The first two books really made me think. Vox is a dystopian book in which women are only allowed to speak 100 words a day. It reminded me of A Handmaid’s Tale which I have just started watching on Amazon Prime.
At the heart of An American Marriage is a cruel injustice which has ramifications for all the characters. It was a very emotional and thought-provoking read. After reading it, I bought another of her books, Silver Sparrow.
The House of Killers is the first in a series about a female assassin and an MI5 investigator. This was fast-paced, fun and I really didn’t see the twist coming. I also enjoyed the simmering tension between family members depicted in The Mother-in-Law.
In May, I hope to read:
The Dinner Guest by B P Walter
Midnight at Malabar House by Vaseem Khan
The Other People by C J Tudor
Kingdom by Jo Nesbo
I am about half-way through Once Upon a River by Diane Setterfield and I am also hoping to read The Familiars by Stacey Halls. These were both on my reading list for April, but I was a bit over-ambitious!
My favourite of these was The Last Snow by Stina Jackson. Set in Sweden, I loved the atmosphere of the creepy forest, the claustrophobic community where everyone knows everyone, and the idiosyncratic characters. I immediately bought a copy for my mum for Mother’s Day.
I also really enjoyed The Hit List by Holly Seddon and How to Disappear by Gillian McAllister. Both books left me thinking about their plots for a long time afterwards, particularly what it might be like to enter witness protection. They’re both ‘what would you do if…’ books and highly recommended.
Incidentally, if you are a writer, check out The Honest Authors podcast which is hosted by Gillian McAllister and Holly Seddon. It lifts the lid on the publishing industry and writing in general and is incredibly helpful and entertaining.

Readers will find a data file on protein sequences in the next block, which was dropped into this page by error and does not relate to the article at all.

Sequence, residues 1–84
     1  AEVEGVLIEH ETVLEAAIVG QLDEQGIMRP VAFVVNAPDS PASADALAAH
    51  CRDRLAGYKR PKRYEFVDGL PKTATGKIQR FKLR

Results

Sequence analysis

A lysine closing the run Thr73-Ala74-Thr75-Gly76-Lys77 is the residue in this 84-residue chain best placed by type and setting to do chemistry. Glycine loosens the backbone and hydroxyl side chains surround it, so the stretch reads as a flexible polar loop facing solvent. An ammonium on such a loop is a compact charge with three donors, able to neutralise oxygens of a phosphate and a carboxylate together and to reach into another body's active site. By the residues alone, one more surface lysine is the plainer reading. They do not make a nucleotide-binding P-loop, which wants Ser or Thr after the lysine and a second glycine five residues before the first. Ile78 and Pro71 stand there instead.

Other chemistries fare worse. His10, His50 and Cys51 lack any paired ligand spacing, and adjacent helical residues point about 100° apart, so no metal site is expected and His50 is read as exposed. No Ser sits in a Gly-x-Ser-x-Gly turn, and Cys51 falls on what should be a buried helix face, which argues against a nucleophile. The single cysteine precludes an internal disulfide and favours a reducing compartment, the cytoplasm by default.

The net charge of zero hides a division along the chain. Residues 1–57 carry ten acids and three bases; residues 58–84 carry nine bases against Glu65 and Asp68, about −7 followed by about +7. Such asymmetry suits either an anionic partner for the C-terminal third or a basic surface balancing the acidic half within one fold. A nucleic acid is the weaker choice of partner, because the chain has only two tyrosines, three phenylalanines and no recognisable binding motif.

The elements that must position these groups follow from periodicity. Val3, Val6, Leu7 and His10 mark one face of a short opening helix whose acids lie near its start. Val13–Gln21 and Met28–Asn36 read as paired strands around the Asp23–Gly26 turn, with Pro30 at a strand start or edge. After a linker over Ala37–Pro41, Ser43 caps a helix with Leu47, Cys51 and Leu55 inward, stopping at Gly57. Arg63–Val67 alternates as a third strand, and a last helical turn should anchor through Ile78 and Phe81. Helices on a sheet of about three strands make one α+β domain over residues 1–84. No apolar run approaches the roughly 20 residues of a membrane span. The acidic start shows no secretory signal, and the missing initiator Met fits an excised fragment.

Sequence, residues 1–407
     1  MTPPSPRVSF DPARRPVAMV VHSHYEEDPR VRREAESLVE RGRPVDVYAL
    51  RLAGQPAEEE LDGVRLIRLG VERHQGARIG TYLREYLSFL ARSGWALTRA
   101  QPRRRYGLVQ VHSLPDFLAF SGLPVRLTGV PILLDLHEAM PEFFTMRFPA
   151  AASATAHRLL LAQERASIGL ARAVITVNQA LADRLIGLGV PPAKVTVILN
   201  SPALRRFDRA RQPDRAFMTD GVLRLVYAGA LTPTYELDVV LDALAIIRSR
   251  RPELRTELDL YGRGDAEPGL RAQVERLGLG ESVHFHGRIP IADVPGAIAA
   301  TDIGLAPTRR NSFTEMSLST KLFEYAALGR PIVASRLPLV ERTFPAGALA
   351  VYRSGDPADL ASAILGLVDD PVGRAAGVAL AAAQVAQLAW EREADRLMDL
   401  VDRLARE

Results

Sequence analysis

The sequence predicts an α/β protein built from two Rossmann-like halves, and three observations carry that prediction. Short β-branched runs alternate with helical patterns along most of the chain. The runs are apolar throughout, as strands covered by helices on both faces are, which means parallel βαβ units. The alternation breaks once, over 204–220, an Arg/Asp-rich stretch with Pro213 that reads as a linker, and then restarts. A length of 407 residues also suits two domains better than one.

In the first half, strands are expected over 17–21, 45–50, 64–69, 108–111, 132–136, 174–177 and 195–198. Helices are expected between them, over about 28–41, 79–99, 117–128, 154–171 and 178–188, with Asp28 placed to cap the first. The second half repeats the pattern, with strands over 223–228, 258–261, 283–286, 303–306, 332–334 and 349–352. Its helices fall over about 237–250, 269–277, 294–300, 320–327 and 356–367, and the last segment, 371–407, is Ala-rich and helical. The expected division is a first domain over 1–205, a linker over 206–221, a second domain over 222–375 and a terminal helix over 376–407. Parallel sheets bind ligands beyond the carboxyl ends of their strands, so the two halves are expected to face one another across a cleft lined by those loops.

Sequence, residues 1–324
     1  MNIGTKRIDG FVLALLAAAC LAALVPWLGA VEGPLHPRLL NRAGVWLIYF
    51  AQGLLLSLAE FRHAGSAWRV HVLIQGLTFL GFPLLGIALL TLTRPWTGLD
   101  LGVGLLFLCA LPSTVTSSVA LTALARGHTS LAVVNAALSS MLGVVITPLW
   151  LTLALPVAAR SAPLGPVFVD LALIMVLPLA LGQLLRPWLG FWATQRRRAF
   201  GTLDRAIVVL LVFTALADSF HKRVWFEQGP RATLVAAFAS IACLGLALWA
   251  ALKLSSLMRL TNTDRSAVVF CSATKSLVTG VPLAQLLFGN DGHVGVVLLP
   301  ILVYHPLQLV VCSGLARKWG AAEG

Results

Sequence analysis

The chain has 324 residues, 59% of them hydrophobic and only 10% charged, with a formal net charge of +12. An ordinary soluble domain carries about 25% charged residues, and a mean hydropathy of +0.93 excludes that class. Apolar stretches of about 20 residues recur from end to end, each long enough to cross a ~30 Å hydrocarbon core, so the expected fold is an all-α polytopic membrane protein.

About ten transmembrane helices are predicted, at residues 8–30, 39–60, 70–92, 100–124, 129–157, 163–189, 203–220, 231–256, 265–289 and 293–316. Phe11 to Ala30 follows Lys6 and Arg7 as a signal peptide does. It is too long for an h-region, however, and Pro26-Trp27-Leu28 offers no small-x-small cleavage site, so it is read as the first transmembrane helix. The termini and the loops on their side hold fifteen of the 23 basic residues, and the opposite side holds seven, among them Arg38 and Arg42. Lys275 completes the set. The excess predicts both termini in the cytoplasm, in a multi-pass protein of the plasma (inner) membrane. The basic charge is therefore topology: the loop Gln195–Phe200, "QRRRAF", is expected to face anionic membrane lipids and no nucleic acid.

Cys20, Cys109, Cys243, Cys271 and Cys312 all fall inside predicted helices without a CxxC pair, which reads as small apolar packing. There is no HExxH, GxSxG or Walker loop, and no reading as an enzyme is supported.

In April I am going to read
Vox by Christina Dalcher
An American Marriage by Tayari Jones
The Familiars by Stacey Halls
Once Upon a River by Diane Setterfield
In my mission to read the Hercule Poirot books in order, I’ve skipped The Mystery of the Blue Train (I did manage to catch the TV adaptation on ITV Player though) and have moved on to Peril at End House.
Have you read any of these? What did you think? What’s your favourite book of the year so far?
Money: A User’s Guide by Laura Whateley (non-fiction)
The Big Four (Hercule Poirot #5) by Agatha Christie
The Choice by Alex Lake
All my Lies by Sophie Flynn (proof – to be published in April 2021)
The Success Code by Amanda Dewinter (non-fiction)
The stand-out title for me was A Single Thread by Tracy Chevalier, one of my favourite writers. Chevalier can make just about any subject fascinating, so although bell ringing and embroidery are by no means my favourite things, I found myself drawn into this world. The novel is set in 1932 and I really enjoyed reading about that period and the expectations of women and their roles in society between the two world wars.
All My Lies was a proof, kindly sent out in advance of the publication date of April 2021. A psychological suspense, set in Oxford and Cornwall, I really enjoyed this debut novel. Great characters, evocative writing, interesting locations and a page-turning plot with plenty of twists and turns.
The Agatha Christie was not for me. I found the premise completely ridiculous to be honest!
The other stand-out title for me was The Success Code by Amanda Dewinter. I found it quite inspiring and a practical approach to defining your goals and working towards them. I particularly liked the emphasis on self-care and looking after yourself so that you don’t burn out.
In March, I am planning to read:
The Last Snow by Stina Jackson
The Chain by Adrian McKinty
How to Disappear by Gillian McAllister
The Hit List by Holly Seddon
Someone We Know by Shari Lapena
Have you read any of these? What did you think of them?
The Murder of Roger Ackroyd (Hercule Poirot #4) by Agatha Christie
Shed No Tears by Caz Frear